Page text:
There were also a number of prototype hydrogen vehicles, including the Hyundai Tucson FCEV (Fuel Cell Electric Vehicle) that is the successor to the Santa Fe FCEV that was the first fuel-cell vehicle I ever rode in. Honda had a bit of information about their FCX on a poster next to the information about their hybrid models and natural-gas-powered Civic GX, but they didn't have one on the floor. There was a Civic GX there, though, the only natural-gas vehicle at the whole show, as has been the case for a few years.

Hummer H2H

This is a vehicle I had overlooked at last year's Anaheim Auto Show; it's the Hummer H2H, an H2 model converted to burn hydrogen in its 6-liter V8. Because of the physical and chemical properties of hydrogen, it only puts out 180 HP, even with a supercharger, and because using hydrogen in an internal-combustion engine is a lot less efficient than using it in a fuel cell, its range is considerably shorter than the fuel-cell vehicles I've seen. It's a whole lot cheaper to build than a fuel-cell vehicle, though!

BMW H2R

That is the main reason that BMW and some other automakers have been putting more effort into hydrogen-powered internal-combustion-engine vehicles than into fuel-cell vehicles. BMW has built some 7-series cars that can run on either hydrogen or gasoline, much like a bi-fuel natural-gas or propane vehicle; they propose to put those into production within the next several years. The H2R that they brought to the L.A. Auto Show is a hydrogen-powered land-speed-record car with an engine based on the 7-series V-12, as you can perhaps see from the outline on the hood.

GEM booth in Kentia Hall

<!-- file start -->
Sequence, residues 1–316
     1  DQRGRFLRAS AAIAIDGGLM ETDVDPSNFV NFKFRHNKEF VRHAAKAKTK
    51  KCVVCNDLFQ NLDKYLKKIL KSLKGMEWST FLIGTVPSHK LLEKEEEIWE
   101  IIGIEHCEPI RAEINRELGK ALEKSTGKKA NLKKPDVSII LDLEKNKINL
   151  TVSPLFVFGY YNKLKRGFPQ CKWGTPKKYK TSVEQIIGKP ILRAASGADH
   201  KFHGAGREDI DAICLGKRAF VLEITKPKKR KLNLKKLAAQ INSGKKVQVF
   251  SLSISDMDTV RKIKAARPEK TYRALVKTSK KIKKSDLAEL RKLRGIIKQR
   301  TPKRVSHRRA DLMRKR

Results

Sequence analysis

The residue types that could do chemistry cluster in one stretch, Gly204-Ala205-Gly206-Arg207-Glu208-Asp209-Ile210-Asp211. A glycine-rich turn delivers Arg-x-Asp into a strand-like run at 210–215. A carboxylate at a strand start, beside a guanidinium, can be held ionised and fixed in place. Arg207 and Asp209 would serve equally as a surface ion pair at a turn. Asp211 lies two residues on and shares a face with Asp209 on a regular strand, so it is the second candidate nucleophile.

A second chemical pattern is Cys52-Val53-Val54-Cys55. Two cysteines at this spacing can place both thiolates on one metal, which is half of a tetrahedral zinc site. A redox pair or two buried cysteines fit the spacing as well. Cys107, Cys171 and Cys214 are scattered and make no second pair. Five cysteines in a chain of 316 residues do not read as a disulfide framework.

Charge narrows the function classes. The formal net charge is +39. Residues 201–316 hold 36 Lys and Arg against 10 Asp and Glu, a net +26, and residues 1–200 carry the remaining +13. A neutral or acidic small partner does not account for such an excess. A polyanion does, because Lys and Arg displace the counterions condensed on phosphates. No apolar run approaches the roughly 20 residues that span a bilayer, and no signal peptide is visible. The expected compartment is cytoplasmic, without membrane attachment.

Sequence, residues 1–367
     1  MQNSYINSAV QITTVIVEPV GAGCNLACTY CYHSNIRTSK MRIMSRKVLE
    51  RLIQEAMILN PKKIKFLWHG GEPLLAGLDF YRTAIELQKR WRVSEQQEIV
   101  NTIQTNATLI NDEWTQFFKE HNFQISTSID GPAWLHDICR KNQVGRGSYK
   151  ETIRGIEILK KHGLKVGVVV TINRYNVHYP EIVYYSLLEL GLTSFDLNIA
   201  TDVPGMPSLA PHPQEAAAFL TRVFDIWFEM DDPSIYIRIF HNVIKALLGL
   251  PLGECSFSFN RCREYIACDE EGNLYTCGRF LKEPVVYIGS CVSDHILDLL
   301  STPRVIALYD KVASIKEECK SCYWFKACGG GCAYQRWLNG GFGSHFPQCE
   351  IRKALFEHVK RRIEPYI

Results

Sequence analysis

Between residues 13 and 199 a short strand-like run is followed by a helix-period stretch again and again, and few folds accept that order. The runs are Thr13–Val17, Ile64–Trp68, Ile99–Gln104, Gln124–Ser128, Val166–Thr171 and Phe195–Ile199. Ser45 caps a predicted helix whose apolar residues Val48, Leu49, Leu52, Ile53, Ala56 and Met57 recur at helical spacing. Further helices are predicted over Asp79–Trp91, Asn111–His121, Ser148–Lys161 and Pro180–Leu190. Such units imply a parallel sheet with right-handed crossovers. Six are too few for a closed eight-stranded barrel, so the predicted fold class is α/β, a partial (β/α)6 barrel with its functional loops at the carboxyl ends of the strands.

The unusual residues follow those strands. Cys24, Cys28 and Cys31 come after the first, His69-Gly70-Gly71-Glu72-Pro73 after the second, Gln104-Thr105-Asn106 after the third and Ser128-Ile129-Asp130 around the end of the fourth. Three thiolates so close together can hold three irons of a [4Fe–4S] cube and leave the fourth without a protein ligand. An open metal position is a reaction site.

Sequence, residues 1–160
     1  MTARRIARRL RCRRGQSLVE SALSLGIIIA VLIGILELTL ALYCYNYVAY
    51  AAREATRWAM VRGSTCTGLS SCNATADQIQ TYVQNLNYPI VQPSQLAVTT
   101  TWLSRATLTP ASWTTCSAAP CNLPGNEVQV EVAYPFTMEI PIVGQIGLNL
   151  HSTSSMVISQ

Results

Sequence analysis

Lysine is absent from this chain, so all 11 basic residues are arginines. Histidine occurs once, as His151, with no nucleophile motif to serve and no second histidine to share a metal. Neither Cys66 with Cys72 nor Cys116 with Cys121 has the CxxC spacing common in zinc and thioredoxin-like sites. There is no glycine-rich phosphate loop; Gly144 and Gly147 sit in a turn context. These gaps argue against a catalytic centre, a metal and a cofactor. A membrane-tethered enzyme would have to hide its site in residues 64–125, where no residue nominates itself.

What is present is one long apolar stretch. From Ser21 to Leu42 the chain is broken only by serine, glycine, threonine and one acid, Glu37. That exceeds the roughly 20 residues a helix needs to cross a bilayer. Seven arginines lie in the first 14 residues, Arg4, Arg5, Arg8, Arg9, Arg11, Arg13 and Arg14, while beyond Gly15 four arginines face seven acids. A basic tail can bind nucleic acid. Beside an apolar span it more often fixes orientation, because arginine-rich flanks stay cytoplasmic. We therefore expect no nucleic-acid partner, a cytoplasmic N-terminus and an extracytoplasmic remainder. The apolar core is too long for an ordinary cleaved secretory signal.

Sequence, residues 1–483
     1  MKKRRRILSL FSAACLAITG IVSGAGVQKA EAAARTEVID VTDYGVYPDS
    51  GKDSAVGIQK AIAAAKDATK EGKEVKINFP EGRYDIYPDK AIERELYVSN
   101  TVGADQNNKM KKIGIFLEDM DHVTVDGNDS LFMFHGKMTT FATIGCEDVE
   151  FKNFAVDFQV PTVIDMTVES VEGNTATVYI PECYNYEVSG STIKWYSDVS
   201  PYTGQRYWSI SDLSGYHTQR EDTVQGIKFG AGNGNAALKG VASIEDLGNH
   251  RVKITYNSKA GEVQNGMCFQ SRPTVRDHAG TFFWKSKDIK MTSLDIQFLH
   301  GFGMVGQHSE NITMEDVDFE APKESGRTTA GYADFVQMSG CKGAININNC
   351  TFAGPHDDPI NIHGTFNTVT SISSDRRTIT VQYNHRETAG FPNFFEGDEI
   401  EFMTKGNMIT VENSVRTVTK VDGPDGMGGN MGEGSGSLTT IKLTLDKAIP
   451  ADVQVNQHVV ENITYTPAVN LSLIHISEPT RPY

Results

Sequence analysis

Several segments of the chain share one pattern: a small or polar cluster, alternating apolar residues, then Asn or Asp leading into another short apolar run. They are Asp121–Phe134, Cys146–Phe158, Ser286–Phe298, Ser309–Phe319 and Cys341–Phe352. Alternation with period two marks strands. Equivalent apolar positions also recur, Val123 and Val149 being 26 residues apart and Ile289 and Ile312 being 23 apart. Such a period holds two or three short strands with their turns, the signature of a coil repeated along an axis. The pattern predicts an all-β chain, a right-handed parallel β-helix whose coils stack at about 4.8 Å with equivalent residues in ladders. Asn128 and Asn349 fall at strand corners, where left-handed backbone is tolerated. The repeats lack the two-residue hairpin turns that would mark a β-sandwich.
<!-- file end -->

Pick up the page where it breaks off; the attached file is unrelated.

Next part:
As I mentioned at the top, there have been some interesting developments in battery-electric vehicles, but not a lot from major automakers. The only one still making EVs is DaimlerChrysler, which owns Global Electric Motorcars (GEM); these are "Neighborhood Electric Vehicles" (NEVs) with top speeds of 25 MPH, which are legal in most states on streets with speed limits of 35 MPH or less. The 2005 GEM vehicles were relegated to an unmanned booth in Kentia Hall with the miscellaneous exhibitors (aftermarket parts makers, insurance companies, clubs, etc.); but at least they had 2005 models, unlike, say, the GM EV1.

Tango booth in Kentia Hall

A company with a very interesting new vehicle is Commuter Cars; the boring company name is quite misleading! And despite the small size of the Tango on display here (two seats in fore-and-aft configuration, narrower width than a touring motorcycle), it is not an NEV. Rather, it uses two electric motors, of the type often used singly in electric conversions of much larger vehicles, to achieve truly indecent levels of acceleration, and it uses the low center of gravity inherent in a battery pack to provide much better cornering than one would have a right to expect from such a narrow vehicle. They are just starting to sell these vehicles as mostly-assembled kits, to avoid having to certify the first few vehicles to Federal safety standards; once they get established, they plan to go into production with less-expensive, fully certified models (with less performance, but they still expect it to be surprisingly good). I first saw the Tango at the 2004 L.A. Auto Show, but their booth this year was much larger. I hope that's a good sign about their company's health and prospects!